After that, the prudent reader may think what relationship exists between radiation from any black hole and quantum fluctuations? To try to clarify it, as Hawking did, we must analyze the fluctuations around the black hole itself. When created around the black hole, virtual couples suffer a strong gravitational force, but this process is not the same in all cases.

The gravitational force varies a lot at a very short distance around the black hole, so the influence on each of the components of this pair is different. The increase of this difference will allow to divide the parts of the couple, which will mean a break of the structure of the couple. In these cases, virtual particles become real and therefore measurable. This vacuum situation is *called* vacuum polarization.

When the particle particle couple structure is formed next to the black hole, four processes can occur (see figure 2): a) falling and removing particles and antiparticles to the black hole, b) external removal of the pair, c) falling of the particle to the black hole and d), upside down, that is, the fall of the antiparticle and the leakage of particles.

Hawking studied these four options and calculated the odds of each of them. According to their evidence, the most likely process is the last. This indicates that the number of antiparticles falling into the black hole is greater than that of particles. If we come to analyze its consequences. On the one hand, as antiparts have negative energy, the energy of the black hole is decreasing and with it its mass. If we look at this phenomenon from the outside, we can think that those escaping particles are expelled by the black hole. If analyzed externally, the black hole is observed to “evaporate” and emit particles.

Here is Hawking's discovery: the vaporization of black holes. But it was more Hawking and he postulated that the body has a temperature. The temperature corrects the emission mode, that is, the emission spectrum is thermal and is equal to that emitted by the “dark object” with the same temperature. In addition, the ratio between the temperature of the black hole and the mass is inversely proportional (see graph 1). Thus, the lower the mass, the higher the body temperature and, if the mass is large, the temperature will be low.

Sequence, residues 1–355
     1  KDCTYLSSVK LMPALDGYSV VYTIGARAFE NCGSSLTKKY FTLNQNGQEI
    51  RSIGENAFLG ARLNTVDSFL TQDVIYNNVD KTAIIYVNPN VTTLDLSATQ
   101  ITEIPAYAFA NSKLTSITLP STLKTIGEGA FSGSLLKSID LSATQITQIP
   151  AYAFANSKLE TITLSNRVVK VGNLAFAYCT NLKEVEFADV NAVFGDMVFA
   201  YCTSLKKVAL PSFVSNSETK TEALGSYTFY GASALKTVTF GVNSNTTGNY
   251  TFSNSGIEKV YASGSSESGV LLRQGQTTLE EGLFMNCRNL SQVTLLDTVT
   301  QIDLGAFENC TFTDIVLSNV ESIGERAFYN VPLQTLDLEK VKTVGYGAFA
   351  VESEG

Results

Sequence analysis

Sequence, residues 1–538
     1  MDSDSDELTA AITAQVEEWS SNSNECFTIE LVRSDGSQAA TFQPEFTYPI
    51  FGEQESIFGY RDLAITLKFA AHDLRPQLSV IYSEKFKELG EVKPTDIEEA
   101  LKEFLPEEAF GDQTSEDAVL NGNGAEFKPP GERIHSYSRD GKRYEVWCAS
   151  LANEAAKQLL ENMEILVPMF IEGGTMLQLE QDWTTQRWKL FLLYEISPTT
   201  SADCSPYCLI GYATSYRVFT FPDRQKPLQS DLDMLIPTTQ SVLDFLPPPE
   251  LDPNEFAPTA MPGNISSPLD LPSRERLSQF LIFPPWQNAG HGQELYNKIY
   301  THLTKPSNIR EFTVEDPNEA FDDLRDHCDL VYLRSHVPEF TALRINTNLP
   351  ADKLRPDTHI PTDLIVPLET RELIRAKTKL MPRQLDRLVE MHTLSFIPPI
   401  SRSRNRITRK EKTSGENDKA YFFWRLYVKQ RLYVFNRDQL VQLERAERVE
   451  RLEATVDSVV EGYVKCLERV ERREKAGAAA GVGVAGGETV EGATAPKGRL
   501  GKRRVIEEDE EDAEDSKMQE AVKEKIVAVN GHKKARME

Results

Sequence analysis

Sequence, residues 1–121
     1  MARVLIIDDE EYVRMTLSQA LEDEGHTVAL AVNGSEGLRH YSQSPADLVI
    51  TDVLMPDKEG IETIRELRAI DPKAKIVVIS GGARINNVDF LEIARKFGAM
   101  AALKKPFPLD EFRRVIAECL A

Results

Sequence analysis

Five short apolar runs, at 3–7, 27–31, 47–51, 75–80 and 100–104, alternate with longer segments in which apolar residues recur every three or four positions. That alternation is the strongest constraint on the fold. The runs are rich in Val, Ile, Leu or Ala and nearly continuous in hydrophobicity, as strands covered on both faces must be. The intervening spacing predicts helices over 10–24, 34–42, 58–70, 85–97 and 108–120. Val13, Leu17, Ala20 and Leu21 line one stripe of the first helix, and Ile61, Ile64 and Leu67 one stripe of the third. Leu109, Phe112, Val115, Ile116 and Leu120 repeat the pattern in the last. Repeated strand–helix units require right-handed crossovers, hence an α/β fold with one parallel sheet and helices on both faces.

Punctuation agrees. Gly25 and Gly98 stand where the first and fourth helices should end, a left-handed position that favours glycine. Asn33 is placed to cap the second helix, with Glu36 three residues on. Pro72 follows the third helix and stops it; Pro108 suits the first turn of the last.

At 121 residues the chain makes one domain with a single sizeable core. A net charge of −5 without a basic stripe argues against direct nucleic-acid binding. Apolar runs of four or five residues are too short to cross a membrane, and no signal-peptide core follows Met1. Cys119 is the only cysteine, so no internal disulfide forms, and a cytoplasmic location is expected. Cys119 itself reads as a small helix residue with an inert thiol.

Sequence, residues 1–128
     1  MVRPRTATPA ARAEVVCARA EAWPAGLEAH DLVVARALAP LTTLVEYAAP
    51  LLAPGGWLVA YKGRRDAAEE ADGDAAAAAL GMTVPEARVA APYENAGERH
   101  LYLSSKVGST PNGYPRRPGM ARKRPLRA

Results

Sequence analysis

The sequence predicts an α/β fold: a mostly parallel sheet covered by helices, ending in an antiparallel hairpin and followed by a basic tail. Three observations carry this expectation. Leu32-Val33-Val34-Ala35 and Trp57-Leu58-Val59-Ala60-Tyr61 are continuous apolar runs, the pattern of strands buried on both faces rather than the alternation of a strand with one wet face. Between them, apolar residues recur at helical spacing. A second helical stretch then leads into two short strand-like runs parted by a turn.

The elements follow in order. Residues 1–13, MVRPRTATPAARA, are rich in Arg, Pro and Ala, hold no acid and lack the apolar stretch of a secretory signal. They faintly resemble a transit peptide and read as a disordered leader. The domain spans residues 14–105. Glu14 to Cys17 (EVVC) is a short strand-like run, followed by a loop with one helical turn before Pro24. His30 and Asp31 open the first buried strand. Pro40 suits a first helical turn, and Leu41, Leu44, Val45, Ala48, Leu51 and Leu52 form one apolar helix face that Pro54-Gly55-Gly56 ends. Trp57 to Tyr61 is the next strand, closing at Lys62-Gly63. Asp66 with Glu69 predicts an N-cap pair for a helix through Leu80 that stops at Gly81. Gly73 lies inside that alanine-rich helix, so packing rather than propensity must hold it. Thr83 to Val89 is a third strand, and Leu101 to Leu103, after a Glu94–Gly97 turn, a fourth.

For example, a microscopic black hole of one billion tons will have a temperature of 10 ^{12} K. By increasing the temperature, considering that the emission will be higher, the small mass black hole will radiate much more than the large mass, thereby losing your mass much faster. By losing the mass, the temperature increases and thereby the radiation increases. The acceleration of radiation is a consequence of all this. And finally, what will happen when the mass of the black hole per emission is very small? To answer this we would need the Quantum Theory of Gravitation, and not having it, it is not easy to answer. Some theories argue that the black hole will disappear by a large explosion of radiation, which would apparently have the power of millions of H bombs.

On the other hand, the temperature of the black holes of greater mass is negligible. The black hole of a solar mass will have a temperature of 10 ^{-7} K, much lower than that of the background radiation that forms the Universe (2.7 K), so the black hole will be smaller than that of absorption. Therefore, until the temperature around it is lower than that of the black hole, the black hole will gain mass and energy, the quantum effect being negligible.

Vaporization is therefore a quantum effect, so it is important for microscopic black holes. But it is applied in all black holes, both rotation and electric charge. Black hole research can be more important if we consider, as some researchers believe, that it could serve to obtain the Quantum Theory of Gravitation.

In the explanation of this effect three large areas of Physics come together: Gravitation, Thermodynamics and Quantum Mechanics. This tells us that the sum of Physics is profound, although it is often not so. Since the degree of specialization of scientists is increasing, these principles are practically forgotten today. Do we ever recover them?